I expected my frogspawn to be earlier than ever, with the record-breaking temperatures this year, but it appeared on 23rd February, and from my records, that’s within the normal range. I’ve had 19th February (2014) through to 12th March (2016).

  • Michael Searle:

    28 Feb 2019 14:10:00

    I have a established pond but so far this year have no frogspawn never been this late before I’m wondering if the foxes have eaten all the frogs this year!

  • sue wellfare:

    28 Feb 2019 14:33:00

    I’ve already had 2 lots of frogspawn laid in my pond, and I can hear them most nights too, so expecting more…..however, we also have a lot of fish…. no doubt the fish will eat the spawn, would I be better to remove some into suitable container(large bowl etc) to preserve the tadpoles?

  • Laura Marrinan:

    28 Feb 2019 14:35:00

    I have frogs gathering but no spawn yet, hopefully soon. Last year I put some frog spawn in a separate bowl alongside the pond to stop the newts eating it. Then I could watch the froglets develop. But a few didn’t. Is it a good idea to do this?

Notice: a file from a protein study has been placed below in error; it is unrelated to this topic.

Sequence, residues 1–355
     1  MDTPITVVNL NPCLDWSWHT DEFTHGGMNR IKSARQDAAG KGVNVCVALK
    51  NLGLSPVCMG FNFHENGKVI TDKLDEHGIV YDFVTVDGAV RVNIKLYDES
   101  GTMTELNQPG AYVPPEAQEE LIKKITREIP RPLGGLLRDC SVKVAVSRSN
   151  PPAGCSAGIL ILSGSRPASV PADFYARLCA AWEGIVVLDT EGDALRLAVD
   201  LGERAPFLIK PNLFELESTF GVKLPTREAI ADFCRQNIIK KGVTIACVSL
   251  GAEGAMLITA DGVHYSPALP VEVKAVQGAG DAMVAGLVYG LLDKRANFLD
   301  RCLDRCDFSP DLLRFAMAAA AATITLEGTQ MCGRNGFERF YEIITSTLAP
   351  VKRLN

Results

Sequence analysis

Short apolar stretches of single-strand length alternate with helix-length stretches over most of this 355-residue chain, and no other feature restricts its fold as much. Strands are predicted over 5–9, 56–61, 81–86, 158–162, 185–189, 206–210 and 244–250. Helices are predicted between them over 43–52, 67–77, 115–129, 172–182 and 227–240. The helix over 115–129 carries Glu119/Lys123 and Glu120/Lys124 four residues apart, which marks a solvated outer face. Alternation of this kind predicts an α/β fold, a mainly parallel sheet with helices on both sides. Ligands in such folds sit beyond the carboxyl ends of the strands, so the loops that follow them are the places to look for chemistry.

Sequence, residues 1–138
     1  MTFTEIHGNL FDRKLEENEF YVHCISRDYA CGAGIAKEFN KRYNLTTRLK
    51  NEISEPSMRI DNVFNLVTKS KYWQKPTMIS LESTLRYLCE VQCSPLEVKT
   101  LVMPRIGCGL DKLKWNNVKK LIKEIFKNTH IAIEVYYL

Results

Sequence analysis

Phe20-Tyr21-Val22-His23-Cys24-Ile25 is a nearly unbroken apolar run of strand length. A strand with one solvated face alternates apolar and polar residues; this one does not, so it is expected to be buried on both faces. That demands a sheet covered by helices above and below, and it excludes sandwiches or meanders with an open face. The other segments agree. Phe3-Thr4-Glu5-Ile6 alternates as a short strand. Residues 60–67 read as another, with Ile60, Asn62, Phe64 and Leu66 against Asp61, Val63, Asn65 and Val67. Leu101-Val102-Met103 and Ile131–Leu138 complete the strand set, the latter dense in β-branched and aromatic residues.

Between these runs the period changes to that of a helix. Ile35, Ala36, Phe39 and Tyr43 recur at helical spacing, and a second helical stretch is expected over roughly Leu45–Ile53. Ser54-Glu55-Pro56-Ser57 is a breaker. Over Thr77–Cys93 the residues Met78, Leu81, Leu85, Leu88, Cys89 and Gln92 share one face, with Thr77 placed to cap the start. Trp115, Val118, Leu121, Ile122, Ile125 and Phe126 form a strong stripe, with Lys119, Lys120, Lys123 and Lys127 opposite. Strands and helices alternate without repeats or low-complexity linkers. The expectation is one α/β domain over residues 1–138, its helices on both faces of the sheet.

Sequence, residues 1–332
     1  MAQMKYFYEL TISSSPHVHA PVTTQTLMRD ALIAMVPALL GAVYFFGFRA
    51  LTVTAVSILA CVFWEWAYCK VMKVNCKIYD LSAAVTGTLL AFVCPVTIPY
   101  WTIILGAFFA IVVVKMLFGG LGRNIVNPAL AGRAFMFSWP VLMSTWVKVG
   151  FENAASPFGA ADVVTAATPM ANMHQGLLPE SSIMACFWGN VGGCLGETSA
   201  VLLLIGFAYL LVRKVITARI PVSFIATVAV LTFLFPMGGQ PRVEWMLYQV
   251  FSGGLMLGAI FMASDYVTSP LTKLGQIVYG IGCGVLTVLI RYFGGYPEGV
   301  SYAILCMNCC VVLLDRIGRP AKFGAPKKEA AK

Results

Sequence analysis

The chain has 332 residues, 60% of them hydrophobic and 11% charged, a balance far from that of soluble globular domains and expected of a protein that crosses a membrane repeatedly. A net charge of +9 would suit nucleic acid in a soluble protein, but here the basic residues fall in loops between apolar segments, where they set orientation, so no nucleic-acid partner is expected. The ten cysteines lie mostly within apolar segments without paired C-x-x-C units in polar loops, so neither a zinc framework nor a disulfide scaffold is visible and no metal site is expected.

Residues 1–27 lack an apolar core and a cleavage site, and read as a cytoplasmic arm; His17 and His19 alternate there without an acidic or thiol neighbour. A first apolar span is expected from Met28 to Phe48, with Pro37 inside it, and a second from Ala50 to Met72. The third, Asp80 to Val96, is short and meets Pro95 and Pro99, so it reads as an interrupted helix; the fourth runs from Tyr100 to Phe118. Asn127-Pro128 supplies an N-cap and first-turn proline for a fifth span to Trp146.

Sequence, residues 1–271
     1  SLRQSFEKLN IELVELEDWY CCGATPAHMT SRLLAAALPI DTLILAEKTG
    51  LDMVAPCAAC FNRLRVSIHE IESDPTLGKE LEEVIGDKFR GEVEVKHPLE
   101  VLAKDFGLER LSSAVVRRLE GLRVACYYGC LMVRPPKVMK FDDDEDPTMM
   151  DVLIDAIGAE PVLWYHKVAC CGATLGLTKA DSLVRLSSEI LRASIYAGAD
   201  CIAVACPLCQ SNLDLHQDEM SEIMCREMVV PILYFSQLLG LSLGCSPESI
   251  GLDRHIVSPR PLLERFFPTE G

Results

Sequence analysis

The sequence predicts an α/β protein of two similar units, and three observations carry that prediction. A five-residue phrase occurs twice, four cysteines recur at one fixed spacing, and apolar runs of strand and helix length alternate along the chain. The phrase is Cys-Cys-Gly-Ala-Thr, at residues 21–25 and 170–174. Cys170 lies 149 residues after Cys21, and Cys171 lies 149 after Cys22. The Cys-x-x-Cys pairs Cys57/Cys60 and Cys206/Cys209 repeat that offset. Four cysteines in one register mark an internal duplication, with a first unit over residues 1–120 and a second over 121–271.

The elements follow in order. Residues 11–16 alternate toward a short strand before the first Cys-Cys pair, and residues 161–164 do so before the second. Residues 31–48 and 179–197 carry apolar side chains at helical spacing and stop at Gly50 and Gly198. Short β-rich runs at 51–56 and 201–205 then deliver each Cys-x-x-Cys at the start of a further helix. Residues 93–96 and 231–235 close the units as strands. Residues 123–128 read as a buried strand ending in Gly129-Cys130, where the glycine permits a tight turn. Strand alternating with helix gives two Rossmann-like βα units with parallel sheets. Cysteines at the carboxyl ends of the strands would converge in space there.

• 28 Feb 2019 15:25:39

    @Laura and @Sue: Putting some spawn in a container to avoid predators is ok, as long as they are returned to the same pond (not moved to another site) when larger. We would recommend a container about 18 inches, as long as it will hold water for the next few months, like an old washing up bowl or paddling pool would be fine. It would be a good idea to add some native pond plants into the tub pond as this will provide food and keep the oxygen level of the water up. Unfortunately when the tadpoles change into froglets the froglet will drown if they can’t get out of the water, so you will also need to add a ramp so that wildlife can get in and out.

  • Hilary Hyde_Smith:

    28 Feb 2019 17:38:00

    For the last few years I have had frogs in my small round pond. yesterday I counted 14 but there has been no sign of any frogspawn in all that time except once about 5 years ago. What is going on? I would appreciate your thoughts. Many thanks.

  • Bellona Bond:

    01 Mar 2019 09:18:00

    My pond seems to be drying. Should I top up with tap water? Also it looks rather scummy with green stuff.

  • Ann:

    01 Mar 2019 11:45:00

    Why at the end of summer do i still have tadpoles that have not turned at all. Thank you

  • Alice:

    02 Mar 2019 15:22:00